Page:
Around Washington DC a new breed of food trucks has gained prominence, serving food exclusively at construction sites which have dramatically increased in the last five years. These catering trucks drive to and from construction sites starting in the early morning and sometimes going late into the afternoon to feed workers that would have few other options. Since a downturn in 2008, Development in the District has picked up, raising demand for food trucks to serve construction workers who would have to bring food from home or eat at convenience stores otherwise.

However as construction sites have increased around Washington, so has the competition among the food trucks that serve them. Frank Greco is a 20-year veteran of the business and regularly serves ten construction sites around the district. Recently, competition has surged as food trucks serving products similar to his have arrived at the same sites, cutting into his profits.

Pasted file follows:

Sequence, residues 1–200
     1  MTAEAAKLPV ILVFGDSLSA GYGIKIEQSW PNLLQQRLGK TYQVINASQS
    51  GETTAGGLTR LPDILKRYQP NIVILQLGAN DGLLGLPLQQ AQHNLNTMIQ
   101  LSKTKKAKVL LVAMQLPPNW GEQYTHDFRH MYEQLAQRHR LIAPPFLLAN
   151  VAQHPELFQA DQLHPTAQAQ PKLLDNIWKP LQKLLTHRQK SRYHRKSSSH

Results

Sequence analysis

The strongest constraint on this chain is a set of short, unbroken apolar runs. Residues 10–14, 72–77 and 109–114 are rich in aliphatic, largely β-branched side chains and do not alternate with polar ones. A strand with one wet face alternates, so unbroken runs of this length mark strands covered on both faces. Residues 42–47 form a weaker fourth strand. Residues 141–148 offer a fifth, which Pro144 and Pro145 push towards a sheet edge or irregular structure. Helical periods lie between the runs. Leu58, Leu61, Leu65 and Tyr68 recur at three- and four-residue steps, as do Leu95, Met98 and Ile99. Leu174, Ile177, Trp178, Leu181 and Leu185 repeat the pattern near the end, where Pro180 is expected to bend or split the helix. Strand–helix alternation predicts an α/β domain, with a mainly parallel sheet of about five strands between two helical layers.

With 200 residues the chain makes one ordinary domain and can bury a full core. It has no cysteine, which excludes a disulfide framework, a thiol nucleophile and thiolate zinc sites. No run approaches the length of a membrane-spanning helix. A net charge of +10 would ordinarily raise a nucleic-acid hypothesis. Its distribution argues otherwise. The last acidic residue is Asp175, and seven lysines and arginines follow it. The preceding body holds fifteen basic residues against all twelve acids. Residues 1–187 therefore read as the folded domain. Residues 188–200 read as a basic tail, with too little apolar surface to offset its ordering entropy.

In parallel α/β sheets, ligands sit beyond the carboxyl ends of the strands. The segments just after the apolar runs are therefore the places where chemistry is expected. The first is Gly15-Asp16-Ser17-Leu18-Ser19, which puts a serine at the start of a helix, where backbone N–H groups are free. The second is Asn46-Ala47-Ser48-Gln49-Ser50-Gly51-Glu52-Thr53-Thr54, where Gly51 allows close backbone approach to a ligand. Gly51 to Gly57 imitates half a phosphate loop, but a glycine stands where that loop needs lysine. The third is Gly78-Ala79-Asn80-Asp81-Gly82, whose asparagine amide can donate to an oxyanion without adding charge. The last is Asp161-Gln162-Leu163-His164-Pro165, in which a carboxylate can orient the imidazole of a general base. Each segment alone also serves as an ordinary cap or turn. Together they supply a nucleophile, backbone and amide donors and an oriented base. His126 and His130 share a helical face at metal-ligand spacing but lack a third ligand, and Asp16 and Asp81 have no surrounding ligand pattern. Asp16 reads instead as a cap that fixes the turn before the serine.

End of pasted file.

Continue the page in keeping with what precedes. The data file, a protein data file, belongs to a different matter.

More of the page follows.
“Three or four years ago, it was dead. It’s changed dramatically. Now there’s more jobs than I can handle. But there’s a lot more people selling food. I used to use more canned stuff, but you can’t do that anymore. People want homemade food now.”

Food trucks are selected by the superintendents of the various constructions sites, and most feel that Greco’s fresh food is a step above the other food trucks. But with competition increasing at these sites workers have become pickier about their food. Greco usually serves ‘guy food’, including grilled meats, entrees like lasagna, meatballs or shrimp scampi served in plastic foam containers for about $5. Greco goes through about $400 to $500 per day in food ingredients, forcing him to produce plenty of output and visit as many construction sites as possible in his 15 hour days.